You are what you eat: Thursday Farm Stands on the Quad
August 28, 2018
There is a big part of campus life right under our noses — and in our mouths. The food we eat is an important part of our daily lives, and often times students are unaware of where their food comes from.
The Sustainable Student Farm is working to change that with their Thursday Farm Stands on the Quad. Until Thursday, Oct. 25, the Farm Stand will be operating every Thursday from 11 a.m. until 4 p.m. The Farm Stand is located on the south side of the Illini Union.
As far as what students can expect to see for sale, they sell a variety of organically grown vegetables, said Mary Jane “MJ” Oviatt, fifth-year senior in ACES and Farm Stand Manager, in an email.
Oviatt said during the school year, they will have tomatoes, cherry tomatoes, sweet and hot peppers, eggplant, onions, potatoes, carrots, beets, kale, lettuce, collards, bok choy, summer squash, cucumbers, cabbage, broccoli, winter squash, garlic, herbs and apples.
The produce varies weekly, and Oviatt said she hopes to have her sweet corn available in September or October.
Organic and locally grown produce can have a reputation of being expensive, and thus deter college students from seeking out these food options and opting for cheaper — and usually unhealthier — meals.
However, Ben Joselyn, who helps run the Sustainable Student Farm, said that they try to keep the prices simple. Small packaged items are priced at three dollars a pint or two pints for five dollars. He also said that most bulk produce is two or three dollars a pound.
“The most challenging part of running the farm stand is bringing the right amount of produce,” Joselyn said. “If we bring too much, then the vegetables spend a hot day in the sun unnecessarily and end up a little ‘wilty.’ If we bring too little, then we run out of something, and (we) really like having enough fresh veggies to go around.”
Despite the fact this resource is readily available for students to take advantage of, there is a possibility the campus community would be intimidated by buying fresh produce if they have never cooked before.
This can all be solved with the click of a button, according to Oviatt.
“(The Farm Stand has) a weekly newsletter that goes out with a recipe, a list of what will be available at the stand, and a blurb about what’s happening at the farm,” Oviatt said. “You can sign up on our website… Also, all of the past newsletters will be archived and available on the same website very soon.”
If you’re concerned about enjoying the taste of the fruits and vegetables from the Farm Stand, there’s a good chance you may have eaten them before. Much of the produce grown on the Sustainable Student Farm is used in meals prepared at University dining halls.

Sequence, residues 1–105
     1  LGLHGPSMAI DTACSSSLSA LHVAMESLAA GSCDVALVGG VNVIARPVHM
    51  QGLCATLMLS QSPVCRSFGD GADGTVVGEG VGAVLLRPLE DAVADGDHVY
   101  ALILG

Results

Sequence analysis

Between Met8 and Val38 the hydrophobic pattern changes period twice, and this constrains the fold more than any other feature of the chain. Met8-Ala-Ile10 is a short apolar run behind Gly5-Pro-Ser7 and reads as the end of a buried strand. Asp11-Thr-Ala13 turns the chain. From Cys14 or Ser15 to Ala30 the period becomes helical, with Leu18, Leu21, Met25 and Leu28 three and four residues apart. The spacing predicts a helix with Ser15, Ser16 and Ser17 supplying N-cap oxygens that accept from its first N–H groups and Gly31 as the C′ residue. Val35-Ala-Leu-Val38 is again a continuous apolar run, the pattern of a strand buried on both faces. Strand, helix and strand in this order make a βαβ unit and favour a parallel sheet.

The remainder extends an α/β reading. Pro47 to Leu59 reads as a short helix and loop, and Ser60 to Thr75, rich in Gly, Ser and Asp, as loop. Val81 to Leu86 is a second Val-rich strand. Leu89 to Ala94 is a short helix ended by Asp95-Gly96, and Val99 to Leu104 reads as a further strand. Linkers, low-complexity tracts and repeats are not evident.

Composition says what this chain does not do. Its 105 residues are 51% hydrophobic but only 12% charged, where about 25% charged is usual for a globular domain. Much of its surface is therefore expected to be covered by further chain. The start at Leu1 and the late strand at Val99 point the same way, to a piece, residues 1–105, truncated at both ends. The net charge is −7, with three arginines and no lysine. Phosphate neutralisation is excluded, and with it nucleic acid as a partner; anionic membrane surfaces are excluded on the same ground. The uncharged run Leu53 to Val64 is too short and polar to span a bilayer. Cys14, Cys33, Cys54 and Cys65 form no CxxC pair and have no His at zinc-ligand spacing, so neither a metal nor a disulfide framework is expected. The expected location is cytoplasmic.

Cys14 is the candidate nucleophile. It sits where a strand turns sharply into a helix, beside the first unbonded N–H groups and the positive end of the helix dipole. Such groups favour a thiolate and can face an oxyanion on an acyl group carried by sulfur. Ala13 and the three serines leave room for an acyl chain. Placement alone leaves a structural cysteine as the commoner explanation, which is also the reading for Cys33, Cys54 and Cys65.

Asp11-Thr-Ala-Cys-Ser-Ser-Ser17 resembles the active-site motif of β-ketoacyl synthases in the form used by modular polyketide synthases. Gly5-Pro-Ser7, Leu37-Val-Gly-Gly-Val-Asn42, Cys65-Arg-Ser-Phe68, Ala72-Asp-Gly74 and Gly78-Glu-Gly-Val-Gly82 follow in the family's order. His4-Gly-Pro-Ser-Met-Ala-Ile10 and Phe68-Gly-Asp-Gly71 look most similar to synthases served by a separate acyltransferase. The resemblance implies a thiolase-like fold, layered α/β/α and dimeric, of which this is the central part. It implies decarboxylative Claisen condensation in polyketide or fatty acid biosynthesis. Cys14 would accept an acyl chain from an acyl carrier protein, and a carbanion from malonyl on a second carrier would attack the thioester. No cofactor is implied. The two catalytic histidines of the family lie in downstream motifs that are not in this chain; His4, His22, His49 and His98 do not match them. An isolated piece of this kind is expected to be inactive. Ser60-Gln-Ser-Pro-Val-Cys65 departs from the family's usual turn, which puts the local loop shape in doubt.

The farm stand is an access point to a broader resource the farm has for students at the University, explained Matt Turino, manager of the Sustainable Student Farm since 2015.
“Food is such a big part of everybody’s lives, and we get the chance to show people where it comes from,” Turino said. “It’s exciting that we are decreasing the distance that food has to travel before it gets eaten by the students in the dining halls. Instead of tomatoes from Mexico, they are eating tomatoes from two miles away.”
Joselyn wants to get the word out to students about their farm stand.
The flow of people at the Farm Stand typically fluctuates throughout the day but there’s generally a good turnout each Thursday, explained Joselyn.
“We try to get the word out as best we can, but we also are always looking for more ways to get the word out and let students know what we are,” Joselyn said.
If you are looking to do more than just buy produce from the farm, Joselyn said that there are many ways to get involved. Their volunteer hours are posted on the website, and they have new volunteer opportunities coming this fall.
“Thursdays on the Farm is our new farm event where every other Thursday, volunteers will come during the afternoon and work until 6 p.m. at which point there will be a barbecue with plenty of vegetables from the farm, and with any luck, a person or two playing the fiddle,” Joselyn said.
Saturday volunteer hours are from 10 a.m. to 4 p.m. every other Saturday, starting this weekend.
Serving the community is one of the reasons Turino enjoys working on the farm the most.
“Its really cool that when students come volunteer, the food they pick gets eaten right here on campus,” he said. “Who knows who picked which pepper, but every pepper we pick gets eaten by someone we might see walking down the hall.”